Freescale adds single-chip instrument cluster SoC to S12 MagniV family

March 21, 2012 // By Christoph Hammerschmidt
Freescale Semiconductor has introduced adding a device family designed primarily for the mainstream automotive instrument cluster market to its S12 MagniV mixed-signal microcontroller (MCU) portfolio. The new S12 MagniV S12ZVH enables developers to create a comprehensive instrument cluster solution with a single chip, significantly reducing time to market and the overall bill of materials.

The S12ZVH 16-bit mixed-signal MCU family is based on Freescale's LL18UHV technology, which enables extensive analog integration on the MCU so automotive developers can connect high-voltage signals and power supplies directly to the MCU, helping save board space and reduce system complexity. By designing with the S12ZVH, developers also can minimize sourcing from multiple suppliers and improve overall system reliability. The company claims to be the first one to market with a single-chip solution for automotive instrument clusters. The device aims at entry-level cluster applications in which cost and board space are key drivers.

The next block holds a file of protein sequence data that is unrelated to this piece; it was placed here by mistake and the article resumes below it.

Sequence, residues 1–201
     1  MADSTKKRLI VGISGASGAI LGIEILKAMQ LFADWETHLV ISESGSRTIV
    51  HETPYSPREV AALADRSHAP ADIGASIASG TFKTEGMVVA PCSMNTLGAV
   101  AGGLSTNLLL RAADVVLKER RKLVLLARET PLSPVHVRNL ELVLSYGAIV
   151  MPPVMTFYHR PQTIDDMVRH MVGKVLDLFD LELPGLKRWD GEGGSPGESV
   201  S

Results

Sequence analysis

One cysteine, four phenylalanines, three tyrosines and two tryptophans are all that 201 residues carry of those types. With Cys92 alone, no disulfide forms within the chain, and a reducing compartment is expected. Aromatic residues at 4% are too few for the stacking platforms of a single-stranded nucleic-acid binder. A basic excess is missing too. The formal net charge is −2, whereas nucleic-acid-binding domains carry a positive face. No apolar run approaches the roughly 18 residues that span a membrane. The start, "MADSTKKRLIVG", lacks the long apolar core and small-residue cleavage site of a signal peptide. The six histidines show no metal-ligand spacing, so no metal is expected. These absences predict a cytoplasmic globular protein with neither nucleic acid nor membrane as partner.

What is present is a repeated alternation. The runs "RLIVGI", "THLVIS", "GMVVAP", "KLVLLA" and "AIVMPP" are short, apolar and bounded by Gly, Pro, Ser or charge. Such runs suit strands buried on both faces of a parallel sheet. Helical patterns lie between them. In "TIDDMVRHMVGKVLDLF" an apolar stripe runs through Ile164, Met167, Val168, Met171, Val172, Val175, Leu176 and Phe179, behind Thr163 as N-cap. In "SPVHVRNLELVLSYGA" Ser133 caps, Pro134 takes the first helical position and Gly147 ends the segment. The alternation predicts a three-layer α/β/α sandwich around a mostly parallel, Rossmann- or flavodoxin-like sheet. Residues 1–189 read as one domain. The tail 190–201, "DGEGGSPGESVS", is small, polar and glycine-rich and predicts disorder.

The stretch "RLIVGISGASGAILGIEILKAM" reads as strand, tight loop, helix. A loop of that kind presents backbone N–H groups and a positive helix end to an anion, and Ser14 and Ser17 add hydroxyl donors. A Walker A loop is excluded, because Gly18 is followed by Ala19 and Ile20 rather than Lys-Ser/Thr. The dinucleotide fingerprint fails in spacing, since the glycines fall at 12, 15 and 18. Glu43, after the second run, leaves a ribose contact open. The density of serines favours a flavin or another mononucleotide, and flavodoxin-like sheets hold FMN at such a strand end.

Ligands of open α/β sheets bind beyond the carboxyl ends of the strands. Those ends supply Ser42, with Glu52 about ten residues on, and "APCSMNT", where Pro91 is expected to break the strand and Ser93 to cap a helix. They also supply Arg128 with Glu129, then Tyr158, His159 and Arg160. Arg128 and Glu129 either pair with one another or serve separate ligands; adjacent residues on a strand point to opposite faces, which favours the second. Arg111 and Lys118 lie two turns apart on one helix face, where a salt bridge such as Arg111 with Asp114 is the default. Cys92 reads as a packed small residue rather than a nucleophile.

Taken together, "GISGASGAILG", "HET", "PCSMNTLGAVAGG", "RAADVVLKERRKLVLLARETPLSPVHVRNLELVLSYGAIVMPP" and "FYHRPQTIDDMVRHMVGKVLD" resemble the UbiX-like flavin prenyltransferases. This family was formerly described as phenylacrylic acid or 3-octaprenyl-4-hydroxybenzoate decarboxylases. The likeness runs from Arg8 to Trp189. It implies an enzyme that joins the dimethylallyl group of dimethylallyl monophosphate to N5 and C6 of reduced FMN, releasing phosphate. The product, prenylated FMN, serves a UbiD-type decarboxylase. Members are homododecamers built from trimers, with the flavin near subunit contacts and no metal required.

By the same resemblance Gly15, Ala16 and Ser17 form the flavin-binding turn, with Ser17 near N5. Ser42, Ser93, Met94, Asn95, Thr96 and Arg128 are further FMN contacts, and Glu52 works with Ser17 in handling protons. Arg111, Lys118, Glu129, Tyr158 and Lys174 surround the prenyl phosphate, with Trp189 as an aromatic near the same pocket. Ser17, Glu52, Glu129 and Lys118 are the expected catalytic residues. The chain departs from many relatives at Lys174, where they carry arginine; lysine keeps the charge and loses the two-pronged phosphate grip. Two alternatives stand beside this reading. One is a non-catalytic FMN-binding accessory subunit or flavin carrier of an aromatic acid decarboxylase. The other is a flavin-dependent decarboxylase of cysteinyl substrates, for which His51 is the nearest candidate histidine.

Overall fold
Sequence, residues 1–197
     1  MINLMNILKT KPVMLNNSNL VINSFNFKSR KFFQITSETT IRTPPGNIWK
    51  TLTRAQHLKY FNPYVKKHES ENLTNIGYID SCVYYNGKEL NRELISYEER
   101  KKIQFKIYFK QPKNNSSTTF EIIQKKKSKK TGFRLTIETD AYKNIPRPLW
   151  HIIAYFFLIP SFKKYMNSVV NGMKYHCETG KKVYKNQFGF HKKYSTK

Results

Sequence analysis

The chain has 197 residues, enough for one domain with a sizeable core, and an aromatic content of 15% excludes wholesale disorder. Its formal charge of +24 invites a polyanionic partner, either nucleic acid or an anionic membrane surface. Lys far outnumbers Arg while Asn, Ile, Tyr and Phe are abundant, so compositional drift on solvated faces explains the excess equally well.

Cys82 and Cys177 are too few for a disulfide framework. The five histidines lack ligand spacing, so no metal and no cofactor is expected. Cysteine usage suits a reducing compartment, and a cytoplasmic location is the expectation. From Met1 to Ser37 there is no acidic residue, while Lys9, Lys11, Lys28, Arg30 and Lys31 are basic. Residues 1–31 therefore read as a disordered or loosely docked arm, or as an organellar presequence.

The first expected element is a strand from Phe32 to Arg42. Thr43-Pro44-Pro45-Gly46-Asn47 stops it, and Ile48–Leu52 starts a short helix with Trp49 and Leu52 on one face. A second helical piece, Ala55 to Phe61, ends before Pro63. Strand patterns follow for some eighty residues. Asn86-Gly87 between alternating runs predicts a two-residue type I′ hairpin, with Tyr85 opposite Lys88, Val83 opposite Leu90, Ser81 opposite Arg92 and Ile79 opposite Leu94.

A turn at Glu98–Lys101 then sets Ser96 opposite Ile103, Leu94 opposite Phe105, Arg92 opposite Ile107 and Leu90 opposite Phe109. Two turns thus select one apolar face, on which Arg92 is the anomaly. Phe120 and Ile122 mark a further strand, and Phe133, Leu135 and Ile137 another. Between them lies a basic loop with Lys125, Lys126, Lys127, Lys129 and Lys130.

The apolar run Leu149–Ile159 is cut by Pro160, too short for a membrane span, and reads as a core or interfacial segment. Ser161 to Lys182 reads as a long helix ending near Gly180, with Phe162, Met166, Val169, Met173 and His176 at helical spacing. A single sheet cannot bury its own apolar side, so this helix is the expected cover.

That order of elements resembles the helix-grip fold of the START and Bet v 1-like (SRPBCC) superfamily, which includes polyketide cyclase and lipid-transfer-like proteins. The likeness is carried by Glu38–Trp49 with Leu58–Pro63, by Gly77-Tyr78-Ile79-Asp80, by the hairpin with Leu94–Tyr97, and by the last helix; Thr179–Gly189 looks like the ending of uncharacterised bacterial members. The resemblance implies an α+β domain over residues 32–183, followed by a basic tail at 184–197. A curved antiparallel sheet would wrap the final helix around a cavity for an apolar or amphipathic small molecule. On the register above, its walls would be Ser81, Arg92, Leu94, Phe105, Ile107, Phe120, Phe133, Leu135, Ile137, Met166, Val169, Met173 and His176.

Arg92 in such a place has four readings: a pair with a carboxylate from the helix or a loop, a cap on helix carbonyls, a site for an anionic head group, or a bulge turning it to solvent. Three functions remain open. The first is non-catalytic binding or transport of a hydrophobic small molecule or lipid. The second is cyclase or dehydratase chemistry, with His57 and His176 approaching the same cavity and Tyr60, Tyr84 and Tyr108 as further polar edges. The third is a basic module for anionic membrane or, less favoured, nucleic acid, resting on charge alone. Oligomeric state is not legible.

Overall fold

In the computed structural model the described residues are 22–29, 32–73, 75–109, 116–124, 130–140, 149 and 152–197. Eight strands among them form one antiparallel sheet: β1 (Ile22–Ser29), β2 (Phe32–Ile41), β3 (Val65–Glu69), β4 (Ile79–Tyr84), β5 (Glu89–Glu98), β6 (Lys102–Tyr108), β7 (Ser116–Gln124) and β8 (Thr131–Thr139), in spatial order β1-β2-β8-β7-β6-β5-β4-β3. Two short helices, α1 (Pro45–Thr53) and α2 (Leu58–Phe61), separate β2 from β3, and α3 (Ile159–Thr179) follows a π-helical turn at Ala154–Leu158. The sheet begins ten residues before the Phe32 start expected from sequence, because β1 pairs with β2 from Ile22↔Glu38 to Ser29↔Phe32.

The S12ZVH is the first family in Freescale's S12 MagniV portfolio designed specifically for instrument clusters. The mixed-signal MCUs are targeted at instrument cluster applications requiring controller area network (CAN) connectivity, stepper motor gauges and segment LCD or dot-matrix displays.

Customers can benefit from the integration provided by the S12ZVH MCU platform, including familiar S12 MCU family features such as low power consumption and smart peripherals as well as features such as a CAN physical interface, a 5V regulator system to supply the MCU, a real-time clock and sound generator. Features unique to the S12ZVH family include 8K of ECC RAM and stepper stall detection capability.

The S12ZVH features an enhanced S12Z core that provides significant design benefits compared to prior versions. The addressing space is now linear (no memory paging required), simplifying software development and allowing it to easily port across applications. The efficiency of this new core allows code density improvement up to 40 percent, as well as faster execution than earlier 16-bit architectures.

Traditionally, automotive electronic designs have required multiple devices: some created with a high-voltage process to connect to the battery and power actuator outputs, as well as microcontrollers created with a low-voltage digital logic process. LL18UHV technology uses Freescale's proven, low-leakage 0.18 micron (LL18) fabrication process to integrate 40V analog, non-volatile memory (NVM) and digital logic on a single piece of